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See how our current work and research is bringing new thinking and new solutions to some of today's biggest challenges.

By Sherri Hall
  • Cornell Atkinson
  • Department of Global Development
  • School of Integrative Plant Science
  • Soil and Crop Sciences Section
  • Crops
  • Soil
An important tactic for slowing climate change is for private companies to reduce their greenhouse gas emissions, but knowing exactly how much they’re emitting can be a challenge.

To address this need, researchers in the College of Agriculture and Life Sciences (CALS) have developed an online greenhouse gas (GHG) emissions accounting tool, FAST-GHG, to help quantify these emissions in crop production.

Walmart Inc. is using the tool as part of its Project Gigaton initiative, aimed at working with suppliers to avoid 1 gigaton of GHG emissions from the global supply chain by 2030. In September, Walmart made the new tool available to its suppliers.

The research team developed FAST-GHG as a public good, meaning the tool will soon be made publicly available. The methodology behind it has been carefully and transparently documented to allow any individual to implement the method.

Large supply chains often receive limited information about the emissions created in the production of the products they sell. This is especially true in the food sector, where, until now, supply chains lacked simple, scientifically rigorous tools for greenhouse gas accounting.

To help solve this problem, three CALS researchers – Peter Woodbury and Dominic Woolf, senior research associates in soil and crop sciences, and Christina Tonitto, research associate in the Department of Global Development – developed a scientifically rigorous calculator to quantify how soil health management practices can reduce greenhouse gas emissions in crop production. The researchers developed the online calculator with Cornell Atkinson Center for Sustainability, in partnership with Walmart, Environmental Defense Fund and The Nature Conservancy.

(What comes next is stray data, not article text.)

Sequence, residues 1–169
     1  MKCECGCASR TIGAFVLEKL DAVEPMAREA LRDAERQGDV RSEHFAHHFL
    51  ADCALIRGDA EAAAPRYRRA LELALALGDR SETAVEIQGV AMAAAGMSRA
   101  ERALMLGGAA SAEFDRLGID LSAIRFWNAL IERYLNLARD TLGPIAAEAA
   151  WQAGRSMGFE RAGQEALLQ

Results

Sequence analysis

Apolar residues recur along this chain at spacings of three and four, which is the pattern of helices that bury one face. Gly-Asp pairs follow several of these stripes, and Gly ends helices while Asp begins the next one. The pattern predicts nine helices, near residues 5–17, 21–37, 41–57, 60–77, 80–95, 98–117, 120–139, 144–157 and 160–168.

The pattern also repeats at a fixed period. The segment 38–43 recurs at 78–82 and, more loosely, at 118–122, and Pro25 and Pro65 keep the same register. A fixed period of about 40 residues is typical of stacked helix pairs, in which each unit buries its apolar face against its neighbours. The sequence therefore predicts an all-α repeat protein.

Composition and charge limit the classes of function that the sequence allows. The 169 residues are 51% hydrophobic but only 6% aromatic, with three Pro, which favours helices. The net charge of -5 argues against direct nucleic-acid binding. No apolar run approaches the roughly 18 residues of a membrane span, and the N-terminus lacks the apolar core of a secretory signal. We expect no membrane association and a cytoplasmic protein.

“Rapid and ambitious action is required if we are to maintain a habitable Earth,” Woolf said. “One of the ways that we can drive rapid change is by supporting climate action initiatives within the private sector. Reducing the climate footprint of large supply chains can potentially have a rapid and scalable impact, provided that it is based on sound science.”

The calculator focuses on emissions from the production of three major U.S. crops: corn, soybeans and wheat. It allows food companies to quantify how much supplying farmers have reduced greenhouse gas emissions through improved tilling and cover cropping – the practice of planting alternate crops to slow erosion, improve soil health and help control pests and diseases. The calculator also accounts for how improved nitrogen fertilizer management reduces greenhouse gas emissions.

The tool allows companies to report net avoided greenhouse gas emissions due to any combination of these practices.